A BOW SHOCK NEAR A YOUNG STAR
NASA's Hubble Space Telescope continues to reveal
various stunning and intricate treasures that
reside within the nearby, intense star-forming
region known as the Great Nebula in Orion. One
such jewel is the bow shock around the very young
star, LL Ori, featured in this Hubble Heritage
Named for the crescent-shaped wave made by a ship
as it moves through water, a bow shock can be
created in space when two streams of gas collide.
LL Ori emits a vigorous solar wind, a stream of
charged particles moving rapidly outward from
the star. Our own Sun has a less energetic version
of this wind that is responsible for auroral displays
on the Earth.
The material in the fast wind from LL Ori collides
with slow-moving gas evaporating away from the
center of the Orion Nebula, which is located to
the lower right in this Heritage image. The surface
where the two winds collide is the crescent-shaped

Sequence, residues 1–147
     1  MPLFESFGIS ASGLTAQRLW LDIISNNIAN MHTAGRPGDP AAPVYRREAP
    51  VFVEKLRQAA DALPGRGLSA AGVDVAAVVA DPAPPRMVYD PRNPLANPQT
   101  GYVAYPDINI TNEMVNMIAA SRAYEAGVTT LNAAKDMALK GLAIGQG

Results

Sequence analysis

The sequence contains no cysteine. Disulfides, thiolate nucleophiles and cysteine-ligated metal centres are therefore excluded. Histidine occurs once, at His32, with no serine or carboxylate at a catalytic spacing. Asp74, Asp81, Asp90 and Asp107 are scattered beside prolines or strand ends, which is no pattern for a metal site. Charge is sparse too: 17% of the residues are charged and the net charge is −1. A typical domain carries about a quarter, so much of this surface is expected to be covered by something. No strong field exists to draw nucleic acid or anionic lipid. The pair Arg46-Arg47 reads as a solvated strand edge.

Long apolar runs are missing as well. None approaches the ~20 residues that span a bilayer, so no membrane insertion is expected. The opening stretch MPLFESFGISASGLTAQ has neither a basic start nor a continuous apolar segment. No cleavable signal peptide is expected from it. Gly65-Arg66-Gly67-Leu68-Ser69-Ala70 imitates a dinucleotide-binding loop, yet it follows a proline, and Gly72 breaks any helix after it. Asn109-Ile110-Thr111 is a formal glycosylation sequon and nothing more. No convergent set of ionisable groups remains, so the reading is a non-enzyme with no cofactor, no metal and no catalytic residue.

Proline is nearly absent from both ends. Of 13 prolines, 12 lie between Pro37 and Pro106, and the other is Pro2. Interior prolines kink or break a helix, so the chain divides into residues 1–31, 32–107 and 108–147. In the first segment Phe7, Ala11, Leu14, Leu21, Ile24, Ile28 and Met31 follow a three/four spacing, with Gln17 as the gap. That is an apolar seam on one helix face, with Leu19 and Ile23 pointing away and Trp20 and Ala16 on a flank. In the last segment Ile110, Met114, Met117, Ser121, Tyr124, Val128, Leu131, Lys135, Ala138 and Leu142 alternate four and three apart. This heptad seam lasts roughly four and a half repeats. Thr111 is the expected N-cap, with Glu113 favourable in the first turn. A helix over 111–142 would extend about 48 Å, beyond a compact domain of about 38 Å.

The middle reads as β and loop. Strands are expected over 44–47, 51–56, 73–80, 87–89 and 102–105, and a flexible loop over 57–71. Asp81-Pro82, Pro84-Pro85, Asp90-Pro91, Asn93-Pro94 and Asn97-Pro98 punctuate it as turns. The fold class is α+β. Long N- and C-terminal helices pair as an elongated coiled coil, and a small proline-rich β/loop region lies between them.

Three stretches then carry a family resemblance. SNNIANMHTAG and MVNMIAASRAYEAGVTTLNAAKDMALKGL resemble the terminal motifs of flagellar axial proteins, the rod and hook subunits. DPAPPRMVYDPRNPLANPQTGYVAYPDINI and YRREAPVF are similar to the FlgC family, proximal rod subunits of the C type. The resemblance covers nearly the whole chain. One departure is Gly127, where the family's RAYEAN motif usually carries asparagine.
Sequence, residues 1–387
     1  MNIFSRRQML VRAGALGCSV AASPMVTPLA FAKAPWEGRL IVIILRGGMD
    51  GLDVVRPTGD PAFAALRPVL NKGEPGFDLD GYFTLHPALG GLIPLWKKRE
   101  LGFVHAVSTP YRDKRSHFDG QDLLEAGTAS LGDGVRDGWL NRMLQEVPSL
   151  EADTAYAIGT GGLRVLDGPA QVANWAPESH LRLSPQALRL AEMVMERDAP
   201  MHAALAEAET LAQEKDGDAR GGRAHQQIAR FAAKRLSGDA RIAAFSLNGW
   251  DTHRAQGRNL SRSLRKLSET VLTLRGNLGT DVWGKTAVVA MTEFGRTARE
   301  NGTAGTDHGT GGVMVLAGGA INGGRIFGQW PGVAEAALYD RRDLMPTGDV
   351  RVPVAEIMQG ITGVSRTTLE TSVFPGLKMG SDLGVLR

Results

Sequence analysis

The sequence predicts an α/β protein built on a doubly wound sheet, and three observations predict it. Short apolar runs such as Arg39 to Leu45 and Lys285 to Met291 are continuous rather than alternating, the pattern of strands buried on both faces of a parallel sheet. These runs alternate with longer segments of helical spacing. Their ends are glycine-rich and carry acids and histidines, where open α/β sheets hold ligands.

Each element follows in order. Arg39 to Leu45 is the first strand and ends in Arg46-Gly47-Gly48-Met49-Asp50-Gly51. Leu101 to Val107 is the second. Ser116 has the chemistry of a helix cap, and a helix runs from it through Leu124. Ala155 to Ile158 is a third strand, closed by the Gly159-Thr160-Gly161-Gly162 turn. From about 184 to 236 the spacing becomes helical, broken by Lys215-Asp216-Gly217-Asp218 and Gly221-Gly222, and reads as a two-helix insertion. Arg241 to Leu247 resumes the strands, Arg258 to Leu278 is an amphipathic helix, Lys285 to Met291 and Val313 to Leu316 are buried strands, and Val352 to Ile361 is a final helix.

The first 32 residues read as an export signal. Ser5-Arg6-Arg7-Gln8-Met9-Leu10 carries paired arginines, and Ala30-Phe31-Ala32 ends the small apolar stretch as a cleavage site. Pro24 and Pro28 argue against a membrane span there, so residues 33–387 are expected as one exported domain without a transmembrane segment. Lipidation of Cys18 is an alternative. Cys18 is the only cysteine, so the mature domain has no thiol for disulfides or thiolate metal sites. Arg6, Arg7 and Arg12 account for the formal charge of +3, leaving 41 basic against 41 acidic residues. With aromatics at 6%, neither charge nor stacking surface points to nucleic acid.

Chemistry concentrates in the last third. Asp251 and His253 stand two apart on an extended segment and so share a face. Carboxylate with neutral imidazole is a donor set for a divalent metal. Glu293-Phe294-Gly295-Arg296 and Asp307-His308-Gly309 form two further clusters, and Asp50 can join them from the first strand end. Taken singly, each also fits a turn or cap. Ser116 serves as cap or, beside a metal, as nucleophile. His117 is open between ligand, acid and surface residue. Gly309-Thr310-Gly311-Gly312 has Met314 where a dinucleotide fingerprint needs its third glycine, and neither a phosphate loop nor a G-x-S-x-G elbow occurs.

bow shock seen in the image.
Unlike a water wave made by a ship, this interstellar
bow shock is a three-dimensional structure. The
filamentary emission has a very distinct boundary
on the side facing away from LL Ori, but is diffuse
on the side closest to the star, a characteristic
common to many bow shocks.
A second, fainter bow shock can be seen around
a star near the upper right-hand corner of the
Heritage image. Astronomers have identified numerous
shock fronts in this complex star-forming region
and are using this data to understand the many
complex phenomena associated with the
birth of stars.
This image was taken in February 1995 as part
of the Hubble Orion Nebula mosaic. A nearby neighbor
in our Milky Way galaxy, the nebula is only 1,500
light-years from Earth. The filters used in this
color composite represent oxygen, nitrogen, and
Credit: NASA and the Hubble Heritage Team
Acknowledgment: C. R. O'Dell (Vanderbilt University)